Marvel’s Joe Fixit Deserves a Game Piece

By: D.C. Cutler, U.S.A.

When I devoured The Incredible Hulk comics growing up, I always liked it when the writers had Hulk take on the identity of Joe Fixit, a shadowy behind the scenes figure, working in Las Vegas on behalf of a corrupt casino owner, Michael Berengetti. Joe Fixit was a morally vague Vegas enforcer and tough guy.

Joe Fixit seems like an obvious choice for a video game. Grey Hulk in his dark suit and fedora, creating carnage across Sin City seems perfect for an Android or console game.

Joe Fixit could be assigned a task by shady casino owner, Michael Berengetti, and the game could follow Fixit throughout a night in Vegas fighting off bad guys around Vegas landmarks.

Fixit could fight a bunch of hoodlums on the Ghostbar balcony of The Palms Casino. He could do battle with some baddies in the Stratosphere Casino, Hotel & Tower. All of Vegas could be Joe Fixit’s playground in this game. The game could be a Mortal Kombat or Mafia sort of format. There could be a lot of dark alley fights, where Fixit, in the comics, would brawl with several villains. A fight in or around the Bellagio fountains pool could be a fun set piece.

Joe Fixit is a playable character in Marvel: Contest of Champions. I highly recommend a Fixit and Juggernaut battle; it’s a thrill if you’re a fan of the two characters. A Fixit game could have the sharp graphics of Contest of Champions, but its gameplay and mission could be like Nintendo’s original Double Dragon. Not exactly like a level game, but each Vegas landmark stage could be Fixit getting closer to completing his mission. What Marvel villain could be waiting for Joe Fixit at the final stage? The developers would have an enormous catalogue of villains to choose from. Kingpin or Juggernaut in a casino high-rise on The Strip?

Sometimes, I still break out my back issues of The Incredible Hulk when Joe Fixit appeared. Oh… Joe Fixit fighting a bunch of hoods dressed as pirates at Treasure Island. That could be a visual feast for gamers.

image source: Marvel Database

 

SEGA’s House of the Dead Scarlet Dawn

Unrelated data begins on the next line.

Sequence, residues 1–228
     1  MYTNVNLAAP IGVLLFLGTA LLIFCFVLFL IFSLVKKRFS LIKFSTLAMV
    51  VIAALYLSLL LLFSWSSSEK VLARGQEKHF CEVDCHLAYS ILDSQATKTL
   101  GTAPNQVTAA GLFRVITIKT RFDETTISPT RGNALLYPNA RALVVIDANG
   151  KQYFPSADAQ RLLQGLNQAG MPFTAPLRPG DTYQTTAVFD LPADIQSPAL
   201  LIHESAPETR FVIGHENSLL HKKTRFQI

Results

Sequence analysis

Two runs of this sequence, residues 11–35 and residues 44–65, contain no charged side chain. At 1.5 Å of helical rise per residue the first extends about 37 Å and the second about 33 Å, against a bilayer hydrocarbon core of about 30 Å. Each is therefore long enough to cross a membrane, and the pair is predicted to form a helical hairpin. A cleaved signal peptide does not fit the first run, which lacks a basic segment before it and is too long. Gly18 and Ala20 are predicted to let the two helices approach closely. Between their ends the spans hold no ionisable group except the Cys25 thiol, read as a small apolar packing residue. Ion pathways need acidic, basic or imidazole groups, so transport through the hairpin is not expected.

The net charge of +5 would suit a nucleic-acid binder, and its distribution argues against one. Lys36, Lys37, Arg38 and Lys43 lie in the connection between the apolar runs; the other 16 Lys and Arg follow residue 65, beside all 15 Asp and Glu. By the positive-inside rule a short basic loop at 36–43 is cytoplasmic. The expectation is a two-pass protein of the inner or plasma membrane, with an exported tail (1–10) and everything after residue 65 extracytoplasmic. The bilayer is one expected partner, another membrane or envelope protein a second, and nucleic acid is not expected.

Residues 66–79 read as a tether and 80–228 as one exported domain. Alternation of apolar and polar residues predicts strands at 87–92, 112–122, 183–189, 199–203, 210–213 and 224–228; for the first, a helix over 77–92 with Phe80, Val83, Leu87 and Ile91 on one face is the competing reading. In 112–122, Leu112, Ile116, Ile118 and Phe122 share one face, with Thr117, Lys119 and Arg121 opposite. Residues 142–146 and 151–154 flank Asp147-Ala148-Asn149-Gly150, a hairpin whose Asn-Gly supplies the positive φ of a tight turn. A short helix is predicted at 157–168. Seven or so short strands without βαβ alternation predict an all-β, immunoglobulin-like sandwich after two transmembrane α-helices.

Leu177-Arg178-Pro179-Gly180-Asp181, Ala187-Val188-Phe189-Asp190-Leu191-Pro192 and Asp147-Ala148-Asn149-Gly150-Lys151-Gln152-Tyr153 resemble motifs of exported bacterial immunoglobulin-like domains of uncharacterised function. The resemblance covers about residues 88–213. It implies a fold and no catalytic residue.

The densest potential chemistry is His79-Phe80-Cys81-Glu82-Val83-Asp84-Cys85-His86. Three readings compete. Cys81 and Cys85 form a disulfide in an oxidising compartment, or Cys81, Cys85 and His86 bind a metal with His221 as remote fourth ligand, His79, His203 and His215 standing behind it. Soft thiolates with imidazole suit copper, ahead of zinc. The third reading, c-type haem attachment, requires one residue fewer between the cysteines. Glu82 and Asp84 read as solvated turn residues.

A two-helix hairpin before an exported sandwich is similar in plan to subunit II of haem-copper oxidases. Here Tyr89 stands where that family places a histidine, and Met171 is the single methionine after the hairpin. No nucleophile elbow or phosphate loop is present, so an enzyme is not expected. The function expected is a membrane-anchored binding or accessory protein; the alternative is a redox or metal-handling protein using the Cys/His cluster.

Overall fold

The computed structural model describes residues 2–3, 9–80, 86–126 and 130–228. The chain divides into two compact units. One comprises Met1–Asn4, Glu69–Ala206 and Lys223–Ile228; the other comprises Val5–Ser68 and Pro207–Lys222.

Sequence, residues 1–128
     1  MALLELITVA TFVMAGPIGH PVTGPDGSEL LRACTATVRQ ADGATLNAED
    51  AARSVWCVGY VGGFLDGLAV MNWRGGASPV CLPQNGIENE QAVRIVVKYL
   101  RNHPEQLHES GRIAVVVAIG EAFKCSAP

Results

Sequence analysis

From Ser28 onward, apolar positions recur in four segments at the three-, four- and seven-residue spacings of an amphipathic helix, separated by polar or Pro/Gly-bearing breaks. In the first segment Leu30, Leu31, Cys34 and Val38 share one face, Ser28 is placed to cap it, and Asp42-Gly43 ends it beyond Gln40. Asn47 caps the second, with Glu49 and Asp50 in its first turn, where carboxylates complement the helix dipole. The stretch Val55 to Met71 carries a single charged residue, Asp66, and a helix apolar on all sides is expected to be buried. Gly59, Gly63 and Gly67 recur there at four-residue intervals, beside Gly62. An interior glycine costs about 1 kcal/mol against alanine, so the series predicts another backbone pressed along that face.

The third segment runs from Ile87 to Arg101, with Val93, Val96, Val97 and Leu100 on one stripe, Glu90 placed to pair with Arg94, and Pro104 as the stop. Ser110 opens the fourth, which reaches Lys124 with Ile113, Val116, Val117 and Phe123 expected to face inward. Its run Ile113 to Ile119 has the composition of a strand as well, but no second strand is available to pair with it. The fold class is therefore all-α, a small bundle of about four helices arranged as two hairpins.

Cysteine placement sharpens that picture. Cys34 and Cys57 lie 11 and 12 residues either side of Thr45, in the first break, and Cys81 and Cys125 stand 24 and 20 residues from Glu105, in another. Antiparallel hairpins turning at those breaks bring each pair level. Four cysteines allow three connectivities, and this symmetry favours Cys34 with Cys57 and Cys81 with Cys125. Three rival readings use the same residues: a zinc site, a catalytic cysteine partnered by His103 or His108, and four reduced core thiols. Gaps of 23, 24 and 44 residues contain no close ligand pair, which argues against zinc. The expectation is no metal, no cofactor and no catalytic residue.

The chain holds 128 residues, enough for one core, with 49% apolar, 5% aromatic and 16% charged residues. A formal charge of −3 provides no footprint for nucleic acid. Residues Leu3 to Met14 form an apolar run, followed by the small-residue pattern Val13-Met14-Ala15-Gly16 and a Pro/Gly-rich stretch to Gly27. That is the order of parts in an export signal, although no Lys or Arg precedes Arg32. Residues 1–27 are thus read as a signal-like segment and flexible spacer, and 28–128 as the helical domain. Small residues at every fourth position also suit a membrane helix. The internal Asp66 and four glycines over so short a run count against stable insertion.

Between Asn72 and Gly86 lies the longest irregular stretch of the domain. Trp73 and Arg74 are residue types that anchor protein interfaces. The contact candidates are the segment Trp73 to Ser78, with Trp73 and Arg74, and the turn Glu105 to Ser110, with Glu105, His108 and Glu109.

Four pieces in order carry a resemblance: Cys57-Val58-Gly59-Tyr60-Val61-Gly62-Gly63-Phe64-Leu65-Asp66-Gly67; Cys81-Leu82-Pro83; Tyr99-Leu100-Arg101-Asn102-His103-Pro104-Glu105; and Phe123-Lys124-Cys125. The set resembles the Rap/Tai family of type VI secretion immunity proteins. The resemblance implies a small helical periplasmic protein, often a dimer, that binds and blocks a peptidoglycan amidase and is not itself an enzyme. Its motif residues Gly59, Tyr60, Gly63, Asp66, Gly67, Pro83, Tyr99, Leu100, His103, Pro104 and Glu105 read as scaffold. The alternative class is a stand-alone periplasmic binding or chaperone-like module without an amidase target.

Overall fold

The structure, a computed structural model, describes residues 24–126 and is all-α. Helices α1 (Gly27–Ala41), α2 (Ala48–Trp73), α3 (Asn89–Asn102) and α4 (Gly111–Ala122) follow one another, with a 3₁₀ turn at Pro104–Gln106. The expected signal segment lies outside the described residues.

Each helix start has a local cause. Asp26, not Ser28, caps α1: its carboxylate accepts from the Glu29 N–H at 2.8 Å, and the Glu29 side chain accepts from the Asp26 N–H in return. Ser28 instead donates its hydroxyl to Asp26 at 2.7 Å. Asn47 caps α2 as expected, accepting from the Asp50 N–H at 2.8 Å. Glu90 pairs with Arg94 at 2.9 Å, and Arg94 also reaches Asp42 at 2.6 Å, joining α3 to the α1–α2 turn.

Sega sure know how to get our attention when it comes to their arcade machines. Back in the day it was Space Harrier, Super Hang-On, OutRun, After Burner, Thunder Blade and of course, Daytona USA that we would find ourselves dropping coins in. One Sega game that we loved playing both at the arcade centres and at home was House Of The Dead (HoTD) and House Of The Dead 2! To say we were excited about their latest House of The Dead instalment would be a gross understatement. If you don’t know anything about it, here we go….

Returning after twelve years, Sega Amusements’ House Of The Dead Scarlet Dawn is the most eagerly anticipated sequel in arcade game history. Considered by many as the brand that defined and popularised the horror game genre, House of The Dead has pushed the limits with every release. An impressive back catalogue of 4 blockbuster amusement games, movies and console games, it has a vast global following of core and casual players. Staying true to its reputation House of the Dead Scarlet Dawn delivers an unparalleled horror action experience that has never looked or felt this real!

We are thrilled to be part of this historic release. House of the Dead is the crown jewel in the Sega’s licence portfolio, with such a great heritage and loyal following. We pulled out all the stops to deliver the best experience. Developed by the dedicated R&D team in Japan, this game gets a truly special edition treatment in every way possible.” Commented Paul Williams, CEO at Sega.

The House of the Dead Scarlet Dawn super deluxe cabinet will deliver a five-dimensional (Ed: yep, 5D!!!) full body experience. Players will hear bullets flying and terrifying zombies from every angle with the 5.1 channel surround sound and sub-woofer system. High spec bass shaker will produce 50 Watts of vibrations getting players on the edge of their seats when escaping zombies on a quad-bike or in a helicopter. Perfectly timed air canon blast will make players feel explosions and wind. Dedicated spot LED lights will accentuate the thrilling mood of the game. All these features will work together to produce a captivating, tense horror feeling that thrills players.

The game-changing controller will be lightweight and will use unique vibration technology to produce a realistic recoil feeling. By controlling the frequency to the vibration unit, the controller will generate just the right type of recoil that feels natural for the kind of weapon used in the game. This is indeed a game-changing controller technology!